How Startups Use Their Resources to Find Product-Market Fit
The tricky thing about launching a new product to market is that it’s barely even a milestone worth celebrating. What comes next is a series of chicken-and-egg problems and snap decisions on the way to product-market fit.
Then on to traction, scale, and ultimately growth.
One of the most difficult decisions a leadership team needs to make is what to do with the resources that built the product now that the product is built.
Do you focus those resources on strengthening the infrastructure that sells and supports the product? Or do you push them to keep building a better product that brings in more customers and keeps those customers around longer?
Obviously, the answer is both. So here’s how to prioritize.
Chicken (infrastructure) and egg (feature set)
An MVP will, by its own nature, have a lot of gaps and flaws. If your team has done that first phase right, those gaps and flaws will mostly impact the infrastructure side, with very little friction for the customer.
In other words, the product should work great, maybe even perfectly, as far as the customer is concerned. You got that product to market quickly by cutting corners in the infrastructure that produces, sells, and maintains the product — processes like transaction, fulfillment, and support that are now mostly manual and probably not scalable.
Now you’ve got time to go back and harden those processes.
However, the product you’ve released, while close to perfect in the customer’s eyes, is only enough of a product to prove that the product deserves to exist, not to scale, not to completely solve the problem you’re trying to solve, not to produce a big windfall to your bottom line.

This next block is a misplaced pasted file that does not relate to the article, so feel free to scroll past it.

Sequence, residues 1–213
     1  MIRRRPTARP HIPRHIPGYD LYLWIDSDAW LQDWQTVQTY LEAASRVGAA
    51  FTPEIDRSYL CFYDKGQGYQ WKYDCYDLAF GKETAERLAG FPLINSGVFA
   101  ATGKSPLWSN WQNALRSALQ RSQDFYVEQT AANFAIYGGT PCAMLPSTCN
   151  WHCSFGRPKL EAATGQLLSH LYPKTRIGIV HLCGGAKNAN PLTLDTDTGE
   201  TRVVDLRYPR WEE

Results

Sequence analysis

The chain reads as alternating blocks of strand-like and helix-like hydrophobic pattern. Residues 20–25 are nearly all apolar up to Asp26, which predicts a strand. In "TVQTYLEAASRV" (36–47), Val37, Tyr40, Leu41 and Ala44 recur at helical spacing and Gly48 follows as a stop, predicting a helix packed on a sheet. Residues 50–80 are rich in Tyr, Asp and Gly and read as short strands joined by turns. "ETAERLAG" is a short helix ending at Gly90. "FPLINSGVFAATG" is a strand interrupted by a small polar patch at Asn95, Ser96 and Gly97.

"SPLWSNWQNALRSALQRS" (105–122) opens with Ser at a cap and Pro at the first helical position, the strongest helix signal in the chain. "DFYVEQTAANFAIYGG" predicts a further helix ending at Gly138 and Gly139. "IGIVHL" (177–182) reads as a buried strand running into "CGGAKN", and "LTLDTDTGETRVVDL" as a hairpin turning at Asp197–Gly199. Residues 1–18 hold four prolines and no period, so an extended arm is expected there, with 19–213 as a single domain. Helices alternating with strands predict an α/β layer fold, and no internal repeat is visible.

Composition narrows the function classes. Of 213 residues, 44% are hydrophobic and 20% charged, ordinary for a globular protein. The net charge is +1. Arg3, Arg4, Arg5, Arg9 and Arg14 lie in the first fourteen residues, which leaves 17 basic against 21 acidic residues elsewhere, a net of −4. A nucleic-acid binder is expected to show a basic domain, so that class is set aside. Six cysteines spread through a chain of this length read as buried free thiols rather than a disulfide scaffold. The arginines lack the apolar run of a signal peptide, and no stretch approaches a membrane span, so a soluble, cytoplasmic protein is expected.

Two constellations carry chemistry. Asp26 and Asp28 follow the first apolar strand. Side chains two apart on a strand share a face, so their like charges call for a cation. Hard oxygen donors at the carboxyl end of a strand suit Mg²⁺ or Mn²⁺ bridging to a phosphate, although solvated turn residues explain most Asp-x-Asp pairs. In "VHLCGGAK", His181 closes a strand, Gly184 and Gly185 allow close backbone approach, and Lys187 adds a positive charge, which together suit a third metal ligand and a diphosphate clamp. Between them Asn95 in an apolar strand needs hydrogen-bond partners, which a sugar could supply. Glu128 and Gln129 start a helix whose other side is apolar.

But the more features you add, the more weight you put on the infrastructure, which could cause the whole machine to collapse.
The case for spending resources on internal infrastructure
When I launch a product to market, I do so with “starter” versions of sales, transaction, fulfillment, and support. I do this because spending time and money perfecting these processes this early will cause issues:
- It slows time-to-market while the infrastructure gets built to accommodate a position I won’t be in for several months, if not years.
- It adds unnecessary and sometimes wasted time spent working to support edge cases that may never happen.
- It’s expensive to maintain, maybe only fractionally, but enough to impact the bottom line this early in the product’s life.
- It adds friction. At this point I should be selling and supporting my customers, not all customers.
Instead, what I’ll do is build out just enough infrastructure to support the customers I have. This way, I’m not making guesses about what the next 10 or 100 or 1000 customers will need. Then, I keep improving the infrastructure reactively, using what I’m learning, and proactively, with some good data behind more educated guesses.
Here’s a simple example. If I start an email list, I’m not going to buy the enterprise version of MailChimp that includes 200,000 subscribers and all the bells and whistles. I’m going to start with the free version and let my subscribers tell me which bells and whistles they need.
The case for spending resources on external features